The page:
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One of our very experienced knitters sent me the following information on knitting horizontal darts in lace...It seems this would also work when knitting shortrows in lace or other stitch styles on sideways knit garments...

"On the Brother machine you have all those "gate pegs" in front of the needles, so put them to some use.
lets say you want to put 40 needles into holding postion each side (or if you just want to practice only do it on one side) use your single eye latch tool and put each of those 40 stitches (or whatever you want to play with) onto an individual gate peg. if you are doing lace work then do the transfers onto the gate pegs before you move your lace carriage (the required number of times for the pattern)and then knit 2 rows
then if you put the number of stitches back for part of the short row (say 10, and of course next to the needles in WP)
you would then be ready to do the lace carriage movement again.
in the exercise of using the 40sts you would then repeat the procedure until all stitches are back on the main bed thus completing your short rowing of the 40stitches.
of course needless to say this is a little more time consuming but it did work for me when i did it so many years ago.
this also works even if you are doing just plain knitting and want to introduce a sideways dart.
i hope you don't find this too confusing as it is much harder to write about than actually doing it.
if you find it useful and can explain it better for other machine knitters then feel free to pass it on.
Let me know how you get on with this."

If you have a one of the original standard gauge garter bar sets you would be able to put the "40" sts on the bar and hang the bar from your gate pegs. From the gbar it would be easy to move multiple sts back to the needles with a transfer tool...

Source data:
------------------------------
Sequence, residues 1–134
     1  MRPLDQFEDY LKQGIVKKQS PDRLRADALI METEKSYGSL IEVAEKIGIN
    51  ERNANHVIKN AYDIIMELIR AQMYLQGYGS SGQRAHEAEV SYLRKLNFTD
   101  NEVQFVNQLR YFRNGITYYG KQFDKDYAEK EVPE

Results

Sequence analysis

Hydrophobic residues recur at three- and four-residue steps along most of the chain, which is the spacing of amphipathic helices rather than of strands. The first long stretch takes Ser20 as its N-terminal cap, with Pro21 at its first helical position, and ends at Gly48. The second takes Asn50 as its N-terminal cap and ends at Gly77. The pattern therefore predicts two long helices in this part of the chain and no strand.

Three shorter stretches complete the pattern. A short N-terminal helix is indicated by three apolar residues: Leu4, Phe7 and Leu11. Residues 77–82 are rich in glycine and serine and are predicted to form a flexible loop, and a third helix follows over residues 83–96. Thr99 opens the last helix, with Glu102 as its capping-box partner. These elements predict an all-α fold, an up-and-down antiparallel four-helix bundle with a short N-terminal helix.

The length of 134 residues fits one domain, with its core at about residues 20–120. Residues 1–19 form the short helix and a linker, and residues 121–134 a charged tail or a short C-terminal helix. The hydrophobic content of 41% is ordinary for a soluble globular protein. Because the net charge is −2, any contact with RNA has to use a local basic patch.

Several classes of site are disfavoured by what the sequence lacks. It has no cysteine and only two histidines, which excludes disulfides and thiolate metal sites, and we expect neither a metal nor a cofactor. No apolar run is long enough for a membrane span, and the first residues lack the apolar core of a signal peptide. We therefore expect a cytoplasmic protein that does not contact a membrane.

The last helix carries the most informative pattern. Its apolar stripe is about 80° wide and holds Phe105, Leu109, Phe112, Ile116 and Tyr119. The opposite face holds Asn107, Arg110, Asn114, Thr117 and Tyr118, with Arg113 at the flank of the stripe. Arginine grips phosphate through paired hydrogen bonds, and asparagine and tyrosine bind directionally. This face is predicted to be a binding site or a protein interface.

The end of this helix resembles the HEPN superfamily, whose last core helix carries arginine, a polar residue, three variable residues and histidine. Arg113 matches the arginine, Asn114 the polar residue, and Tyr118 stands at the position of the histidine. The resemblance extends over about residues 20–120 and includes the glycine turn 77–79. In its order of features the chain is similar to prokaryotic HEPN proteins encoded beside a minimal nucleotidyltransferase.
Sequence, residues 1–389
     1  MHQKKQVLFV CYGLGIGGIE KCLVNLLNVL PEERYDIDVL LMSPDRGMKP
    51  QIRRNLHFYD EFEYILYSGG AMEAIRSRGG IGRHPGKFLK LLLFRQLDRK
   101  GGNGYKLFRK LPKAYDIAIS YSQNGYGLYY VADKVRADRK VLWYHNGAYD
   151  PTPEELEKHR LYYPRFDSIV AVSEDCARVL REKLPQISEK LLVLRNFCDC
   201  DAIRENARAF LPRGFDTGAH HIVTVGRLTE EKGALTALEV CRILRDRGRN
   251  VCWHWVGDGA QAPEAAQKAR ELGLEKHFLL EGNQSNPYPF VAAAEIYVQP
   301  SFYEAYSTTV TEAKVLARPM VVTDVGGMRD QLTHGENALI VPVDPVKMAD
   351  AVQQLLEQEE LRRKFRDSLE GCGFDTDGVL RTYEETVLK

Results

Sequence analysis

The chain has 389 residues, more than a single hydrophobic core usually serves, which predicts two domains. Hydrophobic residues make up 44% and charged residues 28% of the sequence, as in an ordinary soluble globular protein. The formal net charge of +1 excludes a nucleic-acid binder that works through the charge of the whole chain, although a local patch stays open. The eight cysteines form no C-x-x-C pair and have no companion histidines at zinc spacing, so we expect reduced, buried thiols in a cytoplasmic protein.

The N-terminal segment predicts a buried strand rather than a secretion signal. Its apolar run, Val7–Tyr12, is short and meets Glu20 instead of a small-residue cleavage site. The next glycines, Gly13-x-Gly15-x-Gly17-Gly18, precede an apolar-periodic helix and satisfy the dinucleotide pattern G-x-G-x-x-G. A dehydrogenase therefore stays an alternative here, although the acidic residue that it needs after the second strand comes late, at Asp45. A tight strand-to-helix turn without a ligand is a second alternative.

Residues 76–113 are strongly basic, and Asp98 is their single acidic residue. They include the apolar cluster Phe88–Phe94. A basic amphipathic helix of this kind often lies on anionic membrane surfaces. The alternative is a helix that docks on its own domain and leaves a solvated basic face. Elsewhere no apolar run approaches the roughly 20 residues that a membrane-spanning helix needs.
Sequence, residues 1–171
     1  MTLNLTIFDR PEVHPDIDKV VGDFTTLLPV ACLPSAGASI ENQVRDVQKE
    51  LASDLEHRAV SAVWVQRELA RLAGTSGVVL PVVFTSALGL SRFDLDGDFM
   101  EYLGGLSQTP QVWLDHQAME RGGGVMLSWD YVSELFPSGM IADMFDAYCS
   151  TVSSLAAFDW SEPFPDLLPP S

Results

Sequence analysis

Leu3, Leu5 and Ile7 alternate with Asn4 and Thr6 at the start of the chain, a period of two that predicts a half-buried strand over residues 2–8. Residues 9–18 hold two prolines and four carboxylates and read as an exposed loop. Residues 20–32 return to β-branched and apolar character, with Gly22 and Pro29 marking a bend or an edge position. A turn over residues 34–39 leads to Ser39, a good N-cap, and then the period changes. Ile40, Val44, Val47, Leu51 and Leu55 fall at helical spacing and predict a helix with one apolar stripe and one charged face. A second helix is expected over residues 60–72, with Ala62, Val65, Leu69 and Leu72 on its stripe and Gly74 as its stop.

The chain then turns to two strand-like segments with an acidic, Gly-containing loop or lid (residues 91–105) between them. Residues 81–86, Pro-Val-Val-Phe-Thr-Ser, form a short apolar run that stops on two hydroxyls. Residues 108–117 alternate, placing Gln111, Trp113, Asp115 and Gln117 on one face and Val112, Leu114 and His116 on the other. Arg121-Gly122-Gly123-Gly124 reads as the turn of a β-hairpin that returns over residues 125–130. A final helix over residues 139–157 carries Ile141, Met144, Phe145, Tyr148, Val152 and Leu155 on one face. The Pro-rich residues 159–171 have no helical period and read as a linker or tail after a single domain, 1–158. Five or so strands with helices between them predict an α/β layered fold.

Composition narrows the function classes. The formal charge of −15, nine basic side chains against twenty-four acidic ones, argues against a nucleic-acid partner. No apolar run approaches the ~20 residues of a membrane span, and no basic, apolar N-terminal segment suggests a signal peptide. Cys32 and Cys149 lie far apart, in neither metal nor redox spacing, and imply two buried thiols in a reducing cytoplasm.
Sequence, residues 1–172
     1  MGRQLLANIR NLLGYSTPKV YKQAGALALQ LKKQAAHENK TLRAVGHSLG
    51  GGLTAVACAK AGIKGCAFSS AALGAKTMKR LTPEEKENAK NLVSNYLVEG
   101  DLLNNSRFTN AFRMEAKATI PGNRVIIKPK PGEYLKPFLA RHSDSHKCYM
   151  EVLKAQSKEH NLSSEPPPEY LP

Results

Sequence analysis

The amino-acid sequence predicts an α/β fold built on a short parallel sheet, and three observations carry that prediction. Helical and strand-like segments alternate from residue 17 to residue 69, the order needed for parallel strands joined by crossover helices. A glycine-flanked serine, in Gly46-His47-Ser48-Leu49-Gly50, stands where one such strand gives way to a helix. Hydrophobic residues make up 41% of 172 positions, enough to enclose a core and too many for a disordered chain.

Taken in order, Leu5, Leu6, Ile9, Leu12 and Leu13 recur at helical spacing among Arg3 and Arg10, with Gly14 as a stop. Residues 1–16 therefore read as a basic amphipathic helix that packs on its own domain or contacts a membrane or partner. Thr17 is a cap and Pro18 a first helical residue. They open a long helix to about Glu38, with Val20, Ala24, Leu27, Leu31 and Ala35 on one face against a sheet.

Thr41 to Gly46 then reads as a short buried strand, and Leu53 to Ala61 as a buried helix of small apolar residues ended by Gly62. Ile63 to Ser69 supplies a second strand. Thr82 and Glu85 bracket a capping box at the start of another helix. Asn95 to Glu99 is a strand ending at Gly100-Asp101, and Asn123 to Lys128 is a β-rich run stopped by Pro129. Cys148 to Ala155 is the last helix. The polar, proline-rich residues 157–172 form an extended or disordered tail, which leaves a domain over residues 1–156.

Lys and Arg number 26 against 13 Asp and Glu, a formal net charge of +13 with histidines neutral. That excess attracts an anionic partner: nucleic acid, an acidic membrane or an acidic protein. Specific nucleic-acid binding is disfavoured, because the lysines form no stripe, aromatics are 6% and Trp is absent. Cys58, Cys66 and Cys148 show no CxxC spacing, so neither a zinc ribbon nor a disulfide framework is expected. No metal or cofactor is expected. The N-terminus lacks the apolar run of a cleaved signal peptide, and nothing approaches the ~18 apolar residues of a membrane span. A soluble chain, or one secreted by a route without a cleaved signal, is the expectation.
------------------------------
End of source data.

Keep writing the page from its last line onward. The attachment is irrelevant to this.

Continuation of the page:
I wonder how this technique would work for adding shape to a sideways knit jacket or sweater, any ideas?
 

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When a hold is necessary in patterned knitting, vertical or sideways, the holdng needles can be knitted back to nonworking using a cast-on cord, and then pulled back into use as required, wrapping to avoid an unwanted hole, of course. This is the method I was shown years ago and use especially for sideways knit shaped skirts which include lace or coloured knit sections.
 

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Elis said:
When a hold is necessary in patterned knitting, vertical or sideways, the holdng needles can be knitted back to nonworking using a cast-on cord, and then pulled back into use as required, wrapping to avoid an unwanted hole, of course. This is the method I was shown years ago and use especially for sideways knit shaped skirts which include lace or coloured knit sections.
Now that you have mentioned this I have remembered doing it this way myself. There is so much that can be done on a knitting machine that if I haven't done something for a long time I simply forget. Must be old age or the thyroid's playing up again. :lol: Back to plan one and the ravel cord.
Thanks for the memory jog, Sue.
 
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